Venture, private equity fund dollars way up

Investors may be more cautious in a slumping economy, but venture capital funds are booming, a new report says.

Some venture capitalists may be taking a more cautious approach with their investments, but their funds are certainly getting more sizable. In the first three months of 2008, venture capital funds raised nearly $5 billion, up 29 percent from the same period a year ago, according to a new report from Dow Jones Private Equity Analyst. In that time, there were 32 funds closed, 10 more than last year.

One reason: more VCs are taking part in late-stage deals that require larger investments in established players, and venture capitalists could need to infuse those companies with cash to make it through an economic slump, according to Jennifer Rossa, managing editor of Dow Jones Private Equity Analyst. Still, she said, the size of venture funds are below what they were in the boom years. Last year, VC funds raised a total of $32.2 billion, down from a decade-high of $83.7 billion amassed in 2000.

"A lot of companies funded in 2001 and 2002 that still can't go public or get a strategic buyer, they may need to get them over the hump until that happens," Rossa said. To be sure, recent reports show that VCs are getting squeezed on the ability to exit deals, whether through an initial public offering or mergers and acquisitions.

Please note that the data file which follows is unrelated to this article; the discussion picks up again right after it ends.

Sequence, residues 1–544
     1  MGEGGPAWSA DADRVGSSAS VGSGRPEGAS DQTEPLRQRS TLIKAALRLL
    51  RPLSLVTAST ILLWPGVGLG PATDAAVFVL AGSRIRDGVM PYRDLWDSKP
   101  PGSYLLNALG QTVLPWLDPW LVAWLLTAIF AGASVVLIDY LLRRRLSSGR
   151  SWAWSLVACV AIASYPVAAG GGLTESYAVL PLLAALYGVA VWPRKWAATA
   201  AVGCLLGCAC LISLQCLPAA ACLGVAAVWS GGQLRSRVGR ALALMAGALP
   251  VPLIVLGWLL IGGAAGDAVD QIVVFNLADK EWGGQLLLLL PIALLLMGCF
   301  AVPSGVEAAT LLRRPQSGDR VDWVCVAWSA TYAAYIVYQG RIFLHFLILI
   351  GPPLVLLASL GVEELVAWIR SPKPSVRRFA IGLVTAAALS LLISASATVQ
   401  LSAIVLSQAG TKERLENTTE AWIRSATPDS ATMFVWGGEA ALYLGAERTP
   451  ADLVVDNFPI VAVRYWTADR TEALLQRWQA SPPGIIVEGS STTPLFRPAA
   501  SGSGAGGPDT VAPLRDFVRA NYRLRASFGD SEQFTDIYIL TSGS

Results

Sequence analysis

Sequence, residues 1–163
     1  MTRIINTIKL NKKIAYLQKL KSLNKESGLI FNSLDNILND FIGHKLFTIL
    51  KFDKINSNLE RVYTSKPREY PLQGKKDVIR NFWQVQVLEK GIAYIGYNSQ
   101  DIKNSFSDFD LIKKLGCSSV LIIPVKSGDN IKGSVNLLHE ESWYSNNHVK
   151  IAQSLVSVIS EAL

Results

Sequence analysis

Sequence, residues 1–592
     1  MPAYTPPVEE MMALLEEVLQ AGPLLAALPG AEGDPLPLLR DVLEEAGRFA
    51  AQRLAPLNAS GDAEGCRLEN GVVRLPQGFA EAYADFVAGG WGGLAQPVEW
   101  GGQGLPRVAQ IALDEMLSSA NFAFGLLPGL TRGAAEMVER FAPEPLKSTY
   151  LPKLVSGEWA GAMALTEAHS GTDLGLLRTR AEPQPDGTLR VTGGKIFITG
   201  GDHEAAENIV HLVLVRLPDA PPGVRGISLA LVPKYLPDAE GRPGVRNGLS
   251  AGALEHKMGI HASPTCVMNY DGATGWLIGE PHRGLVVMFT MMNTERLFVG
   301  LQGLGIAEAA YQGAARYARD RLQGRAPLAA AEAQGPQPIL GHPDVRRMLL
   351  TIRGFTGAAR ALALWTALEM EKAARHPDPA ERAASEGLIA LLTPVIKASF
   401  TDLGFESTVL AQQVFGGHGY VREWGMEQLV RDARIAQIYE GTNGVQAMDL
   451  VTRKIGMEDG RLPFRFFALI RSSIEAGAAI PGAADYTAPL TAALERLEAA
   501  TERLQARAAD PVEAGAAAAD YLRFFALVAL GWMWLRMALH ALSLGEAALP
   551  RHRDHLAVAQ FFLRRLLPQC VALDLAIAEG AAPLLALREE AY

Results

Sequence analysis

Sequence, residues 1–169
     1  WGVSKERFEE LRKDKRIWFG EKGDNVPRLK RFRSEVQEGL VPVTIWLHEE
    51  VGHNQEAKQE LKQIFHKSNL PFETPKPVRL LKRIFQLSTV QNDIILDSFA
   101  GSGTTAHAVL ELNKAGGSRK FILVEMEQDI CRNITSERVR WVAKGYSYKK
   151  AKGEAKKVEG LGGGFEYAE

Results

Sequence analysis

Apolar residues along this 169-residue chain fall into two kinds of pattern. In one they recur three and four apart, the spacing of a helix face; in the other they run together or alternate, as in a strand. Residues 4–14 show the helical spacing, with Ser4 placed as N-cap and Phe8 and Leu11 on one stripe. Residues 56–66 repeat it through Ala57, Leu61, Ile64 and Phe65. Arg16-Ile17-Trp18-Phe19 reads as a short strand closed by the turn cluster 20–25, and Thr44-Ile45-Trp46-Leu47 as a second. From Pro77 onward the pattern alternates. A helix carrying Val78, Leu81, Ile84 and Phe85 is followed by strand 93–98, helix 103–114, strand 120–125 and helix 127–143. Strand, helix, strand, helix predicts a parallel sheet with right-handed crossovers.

Despite the credit shakeout, investors have upped their investments in the private equity markets overall. U.S. private equity funds raised $58.5 billion in 81 funds in the first quarter of 2008, a 32 percent lift from the 68 funds closed in the same period a year ago. That number was hugely boosted by the closing of Goldman Sachs Capital Partners' GS Mezzanine Partners V LP, which raised $20 billion, the largest in history for that kind of fund. (Mezzanine funds involve an equity stake in a company, with a smaller ratio of debt financing.)

Not surprisingly, according to Rossa, leveraged buyout (LBO) fund-raising fell 22 percent to $27.6 billion in the first quarter because of investor fears of the credit market. (LBO funds are largely comprised of debt financing.) "The shakeup in the credit markets has slowed the pace of buyout deals. With the big buyout funds no longer taking up all the attention of private equity investors, other strategies like venture and mezzanine are gaining ground," Rossa said.

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